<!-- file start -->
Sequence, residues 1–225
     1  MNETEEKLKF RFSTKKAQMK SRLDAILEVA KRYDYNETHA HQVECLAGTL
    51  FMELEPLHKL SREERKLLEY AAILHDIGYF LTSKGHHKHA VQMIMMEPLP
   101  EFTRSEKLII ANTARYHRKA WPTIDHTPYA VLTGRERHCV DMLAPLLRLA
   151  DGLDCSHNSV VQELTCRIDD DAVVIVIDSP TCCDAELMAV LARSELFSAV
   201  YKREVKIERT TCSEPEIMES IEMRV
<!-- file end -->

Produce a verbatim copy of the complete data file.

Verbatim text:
Sequence, residues 1–225
     1  MNETEEKLKF RFSTKKAQMK SRLDAILEVA KRYDYNETHA HQVECLAGTL
    51  FMELEPLHKL SREERKLLEY AAILHDIGYF LTSKGHHKHA VQMIMMEPLP
   101  EFTRSEKLII ANTARYHRKA WPTIDHTPYA VLTGRERHCV DMLAPLLRLA
   151  DGLDCSHNSV VQELTCRIDD DAVVIVIDSP TCCDAELMAV LARSELFSAV
   201  YKREVKIERT TCSEPEIMES IEMRV